The little girls on the school bench, using or misusing their weekly allowance, are learning to build their future house, or pluck it down.
No gift can make rich those who are poor in wisdom.
In whatever you may undertake, never sacrifice quality for quantity, even when quantity pays and quality does not.
For so long, the body can perform its functions and hold together, but what term is set for the soul? Nothing in its make-up foretokens a limited existence. Its sentence would seem to be, "Once and always."
The verses in the notebooks are by no means all "by request." The rhyming fit might seize her anywhere, at any time. She wrote the rough draft on whatever was at hand, often on the back of note, circular, or newspaper wrapper. She could never forget the war-time days when paper cost half a dollar a pound.
Nor were people content with writing: they came singly, in pairs, in groups, to proffer requests, to pay respects, to ask counsel. The only people she met unwillingly were those who came to bewail their lot and demand her sympathy.
No one will ever know the number of her benefactions. They were mostly, of necessity, small, yet we must think they went a long way. At the New England Woman's Club, whenever a good new cause came up, she would say, "I will start the subscription with a dollar!" Many noble and enduring things began with the "President's dollar." If she had had a hundred dollars to give, it would have been joyfully given: if she had had but ten cents, it would not have been withheld. She had none of the false pride which shrinks from giving a small sum.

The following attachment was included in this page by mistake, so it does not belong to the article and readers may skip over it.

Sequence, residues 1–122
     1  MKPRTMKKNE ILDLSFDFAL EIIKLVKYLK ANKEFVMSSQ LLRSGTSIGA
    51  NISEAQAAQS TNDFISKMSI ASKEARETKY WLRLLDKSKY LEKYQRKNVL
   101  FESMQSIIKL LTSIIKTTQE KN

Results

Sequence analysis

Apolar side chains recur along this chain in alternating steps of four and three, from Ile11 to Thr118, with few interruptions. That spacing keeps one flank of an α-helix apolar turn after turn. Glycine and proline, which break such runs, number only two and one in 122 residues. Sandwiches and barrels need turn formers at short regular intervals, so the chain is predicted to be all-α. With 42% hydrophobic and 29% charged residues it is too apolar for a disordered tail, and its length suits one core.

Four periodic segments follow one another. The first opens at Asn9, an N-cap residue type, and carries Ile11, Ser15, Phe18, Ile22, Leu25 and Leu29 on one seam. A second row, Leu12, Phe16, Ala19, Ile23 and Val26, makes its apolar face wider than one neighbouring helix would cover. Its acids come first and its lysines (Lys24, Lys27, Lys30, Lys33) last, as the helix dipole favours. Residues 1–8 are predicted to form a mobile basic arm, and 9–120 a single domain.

Beggars and tramps were tenderly dealt with. A discharged criminal in particular must never be refused help. Work must be found for him if possible; if not, it is to be feared that he got a dollar, "to help him find work"!
"January 10. At 11.30 received message from 'New York World' that it would pay for an article sent at once on 'Gambling among Society People.' Wrote this in a little more than an hour."
"January 20.... Some little agitation about my appearance at the Artists' Festival to-night, as one of the patronesses. I had already a white woollen dress quite suitable for the prescribed costume. Some benevolent person or persons ordered for me and sent a cloak of fine white cloth, beautiful to look at but heavy to wear. A headdress was improvised out of one of my Breton caps, with a long veil of lawn. Jack Elliott made me a lovely coronet out of a bit of gold braid with one jewel of dear Maud's. Arriving, to my surprise, I found the Queen's chair waiting for me. I sat thereon very still, the other patronesses being most kind and cordial, and saw the motley throng and the curious pageants. Costumes most beautiful, but the hall too small for much individual effect. Adèle Thayer wore the famous Thayer diamonds."